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Wynonna (RnR 6) by Em Petrova (1)


Chapter One


Wynonna drew huge gulps of the cool air as she pushed through the screen door. The house was stifling hot and crammed wall-to-wall with people. Her dress was sticking to her sweaty back, and if she didn’t get these high heels off soon, she’d scream. But in honor of her father, she’d donned a dress, hose and heels. She’d even tamed her wild red curls into a neat chignon on the back of her head.

It was the least she could do for her father’s funeral.

She launched off the front porch and hit the yard with long strides. Tears had been knotted in her throat and clustered in her eyes for hours, but she hadn’t let a single one fall, not even when they’d thrown handfuls of dirt onto her father’s casket. Standing between her brothers, seeing her momma’s face ravaged with grief… How had she managed not to break?

The dam was creaking, about to let loose. She gasped and took off running with no memory of crossing the grass yard. The big barn loomed up, and she ducked inside. Enveloped by the comforts of hay and horse, she stumbled to a stop.

She shoved her palms off the closest wall and let her cries rise up. The sound scared her, and Wynonna was no sissy. She was an Oklahoma state barrel racing champion, a tough-as-nails ranch girl who’d grown up with five brothers. Yet she was sobbing like a baby.

Her tears poured down her face like hot lava, and she didn’t bother to wipe them away. If she let them come now, she could be strong for her momma when she went back inside.

Thinking of her mother brought images of her, leaning heavily on the oldest of the bunch, Buck. His eyes dark with pain as he held their mother upright. She’d just lost the love of her life, and he’d died too young. Nobody had expected that heart attack to hit out of nowhere.

Wynonna’s sobs grew harsher, the sound making the horses stomp and shift uneasily against their stalls. She pressed her forehead to the rough wood wall and shook with her cries.

“Hey.” Big warm hands closed around her upper arms. She didn’t need to turn to know who was here to comfort her. She’d know Mav’s scent anywhere. The ranch foreman had a manly smell that had been titillating her senses since she was fifteen. Not to mention that dark, brooding look he always wore.

He spun her to face him and brought his muscled arms around her. She sucked in sharply as her cheek met stiff, unfamiliar cotton. His white dress shirt looked so odd on him. At the funeral, she’d met his gaze and he’d given her a nod that had helped her get through the toughest part of the service. When her brothers had gotten up one by one and spoke about their father… Well, she couldn’t think on it too long.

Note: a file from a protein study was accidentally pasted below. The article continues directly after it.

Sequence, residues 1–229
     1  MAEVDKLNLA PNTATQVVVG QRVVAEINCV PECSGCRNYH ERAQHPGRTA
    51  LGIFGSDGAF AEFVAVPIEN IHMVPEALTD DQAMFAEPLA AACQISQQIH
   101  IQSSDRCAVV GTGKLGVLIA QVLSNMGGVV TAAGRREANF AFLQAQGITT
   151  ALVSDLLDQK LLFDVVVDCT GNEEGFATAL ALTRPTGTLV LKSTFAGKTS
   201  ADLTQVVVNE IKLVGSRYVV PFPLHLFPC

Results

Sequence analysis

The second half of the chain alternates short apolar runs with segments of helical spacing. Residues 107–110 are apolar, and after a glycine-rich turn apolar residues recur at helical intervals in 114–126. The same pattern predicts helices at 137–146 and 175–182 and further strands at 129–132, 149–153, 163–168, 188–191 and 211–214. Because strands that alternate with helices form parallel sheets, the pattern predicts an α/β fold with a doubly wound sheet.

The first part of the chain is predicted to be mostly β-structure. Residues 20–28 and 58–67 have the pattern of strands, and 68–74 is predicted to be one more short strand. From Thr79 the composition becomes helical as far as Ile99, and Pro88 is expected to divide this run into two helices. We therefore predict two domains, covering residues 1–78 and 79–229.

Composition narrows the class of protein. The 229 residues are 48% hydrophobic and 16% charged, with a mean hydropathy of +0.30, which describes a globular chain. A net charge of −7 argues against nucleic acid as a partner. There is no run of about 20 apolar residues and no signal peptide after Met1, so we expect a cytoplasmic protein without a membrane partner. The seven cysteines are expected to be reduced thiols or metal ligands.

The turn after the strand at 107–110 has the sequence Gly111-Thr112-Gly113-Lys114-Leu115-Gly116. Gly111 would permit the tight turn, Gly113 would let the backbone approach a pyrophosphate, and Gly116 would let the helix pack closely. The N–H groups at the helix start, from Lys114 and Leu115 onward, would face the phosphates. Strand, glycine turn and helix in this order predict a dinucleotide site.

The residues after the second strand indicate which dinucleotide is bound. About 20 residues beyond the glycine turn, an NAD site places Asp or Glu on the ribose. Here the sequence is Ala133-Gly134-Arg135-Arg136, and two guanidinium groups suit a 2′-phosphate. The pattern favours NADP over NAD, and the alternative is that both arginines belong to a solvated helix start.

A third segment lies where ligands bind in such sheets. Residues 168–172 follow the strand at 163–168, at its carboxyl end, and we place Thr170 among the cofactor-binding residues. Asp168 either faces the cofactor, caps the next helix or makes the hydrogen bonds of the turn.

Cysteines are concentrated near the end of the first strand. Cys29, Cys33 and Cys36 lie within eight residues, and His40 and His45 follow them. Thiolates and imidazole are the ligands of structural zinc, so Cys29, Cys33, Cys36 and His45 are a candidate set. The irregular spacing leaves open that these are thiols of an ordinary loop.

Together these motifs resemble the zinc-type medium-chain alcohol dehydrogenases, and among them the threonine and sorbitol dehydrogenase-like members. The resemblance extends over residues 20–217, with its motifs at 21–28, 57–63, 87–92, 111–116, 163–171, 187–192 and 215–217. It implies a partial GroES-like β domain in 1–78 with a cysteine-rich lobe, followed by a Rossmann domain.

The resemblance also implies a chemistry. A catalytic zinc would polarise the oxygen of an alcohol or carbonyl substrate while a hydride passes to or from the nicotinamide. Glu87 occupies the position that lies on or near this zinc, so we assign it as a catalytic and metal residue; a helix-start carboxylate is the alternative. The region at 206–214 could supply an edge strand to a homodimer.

Another sob burst from her, and she attempted to choke it back.

“Shhh.” Mav flattened his palm on her spine and rubbed up and down in soothing strokes. She focused on the solid man before her and the rustling of her mare in the other stall. Pandora had listened to her cry and worn plenty of Wynonna’s tears on her coat over the years when Wynonna was honing her racing skills. But this was a different kind of cry.

Mav tightened his arms around her, and she issued a soft gasp. It felt as if he’d circled her body twice with his long reach, but that wasn’t possible.

Her nose was running, and she was a God-awful mess. She sniffed hard, and suddenly Mav produced a clean hanky from the pocket of his black dress pants. He’d abandoned his suit jacket, which was good. She didn’t know if she could stand him not being any less like the Mav she knew.

“Let it out, honey. I’ve got you.” His deep voice rumbled under her ear. Her tears fell faster.

“I can’t believe he’s…” Her breath did that horrible hitching thing that happened when you cried too hard.

“I know. It’s going to be hard for a while, but you’re surrounded by people who love you so much.”

She buried her face closer to his chest and shook as more sobs overcame her. He said soft, incoherent things that eventually soothed her. Or maybe her well of tears had run dry.

Her chest heaved with a violent hiccup, and Mav loosened his hold on her enough to look down into her face. She couldn’t meet his gaze. When she’d stood in the church to sing the final hymn, she’d caught him looking at her, concern etched on his rugged features. The same expression he wore now.